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Special series: Arctic Ocean vs. ANWR

Alex DeMarban,Jill Burke,Craig Medred,Loren Holmes,Tony Hopfinger

The Arctic National Wildlife Refuge, located in northeastern Alaska and the largest such refuge in the United States, has been a battleground for decades between those who want the area to remain "the last great wilderness" and those who want Congress to approve oil exploration on ANWR's sensitive coastal plain.

Between 5.7 billion and 16 billion barrels of oil could be lurking beneath the coastal plain, but environmental groups have been successful in lobbying Congress and the White House to prevent drilling.

Meantime, though, another pristine area is facing oil development. And environmental groups haven't been as successful in preventing drilling.

Royal Dutch Shell and other oil companies have snatched up billions of dollars in federal leases to explore for oil in the Arctic Ocean. And Shell is just beginning to launch its drilling program.

Would hunting for crude in a pristine wilderness on land be safer than from drill ships in the Arctic Ocean?

In the series "Arctic Ocean vs. ANWR," Alaska Dispatch explores this question, one which has largely gone unanswered as the drumbeat increases for drilling off the northern shores of Alaska.

  1. 1 Arctic Ocean vs. ANWR: A tale of two oil fields

    PART I: As Shell prepares to start drilling for oil in the Beaufort Sea, residents of Kaktovik wonder how the nation allowed offshore drilling instead of exploration on land -- the Arctic National Wildlife Refuge.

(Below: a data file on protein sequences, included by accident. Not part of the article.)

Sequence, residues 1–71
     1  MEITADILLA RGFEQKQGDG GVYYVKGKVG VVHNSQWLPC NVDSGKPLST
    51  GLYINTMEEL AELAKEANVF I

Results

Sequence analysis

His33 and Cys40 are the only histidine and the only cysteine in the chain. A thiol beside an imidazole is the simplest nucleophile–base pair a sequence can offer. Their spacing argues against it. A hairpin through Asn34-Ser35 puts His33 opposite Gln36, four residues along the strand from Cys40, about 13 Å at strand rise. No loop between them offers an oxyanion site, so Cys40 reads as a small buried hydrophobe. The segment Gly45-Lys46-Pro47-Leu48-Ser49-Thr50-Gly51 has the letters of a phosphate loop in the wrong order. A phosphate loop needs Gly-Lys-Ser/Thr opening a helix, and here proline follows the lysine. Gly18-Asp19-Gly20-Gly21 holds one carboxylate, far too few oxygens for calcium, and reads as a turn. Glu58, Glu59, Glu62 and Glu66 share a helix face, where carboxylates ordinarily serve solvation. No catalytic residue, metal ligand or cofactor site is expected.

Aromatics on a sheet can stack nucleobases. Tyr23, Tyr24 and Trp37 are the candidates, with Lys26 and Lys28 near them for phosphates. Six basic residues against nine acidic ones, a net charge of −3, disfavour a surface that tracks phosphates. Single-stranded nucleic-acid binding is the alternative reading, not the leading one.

2. 2 Arctic Ocean vs. ANWR: The unthinkable and 'the last great wilderness'

    PART II: The Arctic National Wildlife Refuge on Alaska's North Slope became the global face of the environmental movement, a spiritual last stand against development and for wilderness. But did it backfire?

  3. 3 Arctic Ocean vs. ANWR: A hard-earned quest to drill in the icy abyss

    Part III: Shell Oil has battled its way into the Arctic Ocean over the past eight years, trying to find a co-existence with polar bears, whales and villagers. Here's how the oil giant did it.

  4. 4 Arctic Ocean vs. ANWR: Is wildlife refuge last hope for polar bears?

    Part IV: Campaigns to stop oil drilling on Alaska's Arctic coastal plain have long centered on the Porcupine Caribou Herd. But polar bears - not caribou - may ultimately rely on ANWR as their last refuge in a developed and warming Arctic. 

  5. 5 Photos: Life in the Alaska village of Kaktovik

    Drilling on ANWR's coastal plain wouldn't pose the risk of oily water lapping at the Arctic coastline, or killing whales, seals and walruses that the people of Kaktovik and other villagers depend on.

  6. 6 Photos: Arctic National Wildlife Refuge

    On the surface, a rational choice between producing oil in the Arctic National Wildlife Refuge instead of offshore in the Arctic Ocean would appear a no-brainer, as it easier to clean up oil on land than at sea. But ANWR is a special place.

  7. 7 Photos: Polar bears of Kaktovik

    Every year, dozens of polar bears flock to the Arctic Alaska community of Kaktovik, Alaska to feast on the remains of whales from subsistence hunts. With the bears come scientists, tourists and journalists.

  8. 8 Arctic Ocean vs. ANWR: Was there ever a choice for oil drillers?

    Shell started oil drilling in the Arctic Ocean on Sunday, much to the dismay of its critics. If you were asked today to decide between drilling offshore or in the Arctic National Wildlife Refuge, which would you choose?